When a bomb went off near Wall Street

By all accounts, September 16, 1920 started out like any other workday for the financial institutions centered around lower Broadway.

Just before noon, however, a wagon led by a lone horse stopped near the corner of Wall and Broad Streets, in front of the headquarters of J.P Morgan and across from the United States Assay Office. The New York Stock Exchange was around the corner.














At 12:01, a bomb hidden in the wagon exploded. Witnesses reported the carnage as horrific. Thirty-nine people were killed and 300 injured; bodies (and body parts, including horse parts) lay in the street, and maimed Wall Streeters took refuge in Trinity Church. Most of the dead were clerks, messengers, and other office staffers.

The bomb was immediately denounced as the work of anarchists. The next day, thousands of people came to the corner where it detonated and sang America the Beautiful. Many suspects were questioned, but no one ever charged, and the bombing—the worst in the U.S. until Oklahoma City in 1995—remains unsolved.

An eerie reminder of the destruction: Pockmarks from shrapnel are still visible on the J.P. Morgan building.

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4 Responses to “When a bomb went off near Wall Street”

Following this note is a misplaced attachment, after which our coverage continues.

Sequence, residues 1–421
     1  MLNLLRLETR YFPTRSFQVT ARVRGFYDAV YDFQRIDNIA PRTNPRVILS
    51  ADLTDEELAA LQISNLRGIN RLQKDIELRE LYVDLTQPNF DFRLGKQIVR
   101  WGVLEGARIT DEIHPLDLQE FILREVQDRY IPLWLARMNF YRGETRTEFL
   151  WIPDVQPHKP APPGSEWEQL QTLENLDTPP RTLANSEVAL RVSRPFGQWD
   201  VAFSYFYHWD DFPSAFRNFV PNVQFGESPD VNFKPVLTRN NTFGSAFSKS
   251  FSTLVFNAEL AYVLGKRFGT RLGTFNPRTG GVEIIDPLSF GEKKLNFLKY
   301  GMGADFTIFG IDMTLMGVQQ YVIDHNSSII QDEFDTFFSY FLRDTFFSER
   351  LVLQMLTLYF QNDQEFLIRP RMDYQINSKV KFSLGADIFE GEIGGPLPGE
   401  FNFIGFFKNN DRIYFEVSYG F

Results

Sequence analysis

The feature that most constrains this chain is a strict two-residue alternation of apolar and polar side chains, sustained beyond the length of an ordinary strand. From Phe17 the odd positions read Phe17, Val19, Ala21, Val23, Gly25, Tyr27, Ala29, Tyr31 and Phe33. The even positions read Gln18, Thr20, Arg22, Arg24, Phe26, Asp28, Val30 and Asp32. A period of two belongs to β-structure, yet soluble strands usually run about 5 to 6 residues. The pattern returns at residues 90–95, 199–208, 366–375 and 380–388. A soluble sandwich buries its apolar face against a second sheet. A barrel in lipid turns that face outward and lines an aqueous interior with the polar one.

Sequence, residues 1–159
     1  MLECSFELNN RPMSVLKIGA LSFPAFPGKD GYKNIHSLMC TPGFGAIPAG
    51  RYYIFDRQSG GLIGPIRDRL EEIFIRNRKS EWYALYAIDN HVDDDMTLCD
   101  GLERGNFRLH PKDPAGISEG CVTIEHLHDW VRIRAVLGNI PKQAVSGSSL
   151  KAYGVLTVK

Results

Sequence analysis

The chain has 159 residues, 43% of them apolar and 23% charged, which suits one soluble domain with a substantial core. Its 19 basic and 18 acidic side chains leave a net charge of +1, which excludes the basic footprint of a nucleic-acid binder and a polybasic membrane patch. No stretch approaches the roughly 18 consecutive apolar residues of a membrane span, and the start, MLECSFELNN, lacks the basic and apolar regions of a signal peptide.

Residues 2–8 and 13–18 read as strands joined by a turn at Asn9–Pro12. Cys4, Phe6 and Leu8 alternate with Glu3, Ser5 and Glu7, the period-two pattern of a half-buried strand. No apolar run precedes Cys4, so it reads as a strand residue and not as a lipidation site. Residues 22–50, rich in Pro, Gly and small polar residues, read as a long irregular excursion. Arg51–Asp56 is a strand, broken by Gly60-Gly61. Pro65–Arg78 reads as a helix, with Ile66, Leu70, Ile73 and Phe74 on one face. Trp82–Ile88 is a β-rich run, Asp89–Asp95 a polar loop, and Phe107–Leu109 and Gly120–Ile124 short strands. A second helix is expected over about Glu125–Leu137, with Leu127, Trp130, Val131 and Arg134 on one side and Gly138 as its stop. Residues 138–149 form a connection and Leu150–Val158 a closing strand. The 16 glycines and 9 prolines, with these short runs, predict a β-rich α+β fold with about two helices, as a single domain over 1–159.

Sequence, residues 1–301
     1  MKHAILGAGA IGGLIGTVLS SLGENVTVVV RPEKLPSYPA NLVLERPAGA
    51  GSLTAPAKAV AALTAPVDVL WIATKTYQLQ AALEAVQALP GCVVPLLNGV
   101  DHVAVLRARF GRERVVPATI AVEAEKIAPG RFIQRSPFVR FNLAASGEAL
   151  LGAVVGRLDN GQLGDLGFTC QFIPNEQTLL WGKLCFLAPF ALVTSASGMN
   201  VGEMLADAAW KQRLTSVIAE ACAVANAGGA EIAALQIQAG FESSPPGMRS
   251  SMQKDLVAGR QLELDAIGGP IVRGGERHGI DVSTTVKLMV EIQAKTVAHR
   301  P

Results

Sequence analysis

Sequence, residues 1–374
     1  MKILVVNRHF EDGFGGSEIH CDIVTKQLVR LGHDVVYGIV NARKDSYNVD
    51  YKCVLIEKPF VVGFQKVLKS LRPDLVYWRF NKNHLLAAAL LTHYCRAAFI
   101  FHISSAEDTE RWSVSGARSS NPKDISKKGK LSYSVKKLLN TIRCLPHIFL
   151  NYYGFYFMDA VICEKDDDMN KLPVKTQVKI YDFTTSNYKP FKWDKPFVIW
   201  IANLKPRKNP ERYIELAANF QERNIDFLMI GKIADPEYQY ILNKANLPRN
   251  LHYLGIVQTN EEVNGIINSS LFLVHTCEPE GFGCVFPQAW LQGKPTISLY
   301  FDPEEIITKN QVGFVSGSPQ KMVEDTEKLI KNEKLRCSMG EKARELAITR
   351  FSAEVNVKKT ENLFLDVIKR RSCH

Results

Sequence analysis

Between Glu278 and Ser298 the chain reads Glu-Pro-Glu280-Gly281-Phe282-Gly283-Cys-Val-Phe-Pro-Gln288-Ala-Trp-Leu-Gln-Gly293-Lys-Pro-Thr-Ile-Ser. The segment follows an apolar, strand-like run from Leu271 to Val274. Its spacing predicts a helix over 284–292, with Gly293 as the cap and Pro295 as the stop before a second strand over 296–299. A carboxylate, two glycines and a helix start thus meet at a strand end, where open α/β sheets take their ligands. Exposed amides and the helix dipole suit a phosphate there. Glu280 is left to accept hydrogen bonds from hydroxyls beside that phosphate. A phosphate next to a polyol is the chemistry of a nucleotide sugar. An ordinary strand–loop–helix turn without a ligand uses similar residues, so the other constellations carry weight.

1. I Scream for Ice Cream? Taste It, and You Might - City Room Blog - NYTimes.com Says:

    […] reminder of an unsolved horse and carriage bombing on Wall Street in 1920, which reportedly killed 39 people. [Ephemeral New […]

  2. w Says:

    It seems likely that the bombing remains “unsolved” because post-Palmer Raid paranoia led authorities to suspect the labor leaders they had already pursued and imprisoned. They did suspect a particular group of Italian anarchists with the means and the motive (ironically the result of shoddy prosecution) but never gathered enough evidence.

    The most likely suspect was a man named Mike Buda, an Italian anarchist and friend of Sacco and Vanzetti. It was his car alleged to have been used in the robbery for which Sacco and Vanzetti were convicted, and it is his anger at that show trial and its results which provides a very plausible reason for the Wall Street bombing. Further, he left New York for Italy immediately following the bombing.

    The nascent FBI may not have solved the crime but a great deal of evidence (and the man’s own admission) make a strong case for Mike Buda as a key figure.



    Mike Davis – “Buda’s Wagon: A Brief History of the Car Bomb”

  3. A peaceful scene on Wall Street « Ephemeral New York Says:

    […] judging by the suits and hats, it must have been post-1920. That’s the year a bomb left behind in a horse-drawn wagon ripped into this exact location in front of Federal Hall on the right, killing 38 people—mostly messengers, stenographers, and […]

  4. Jeff Caligari Says:

    Must have been the oil rich arabs, or hadnt the british found oil on arab land yet?

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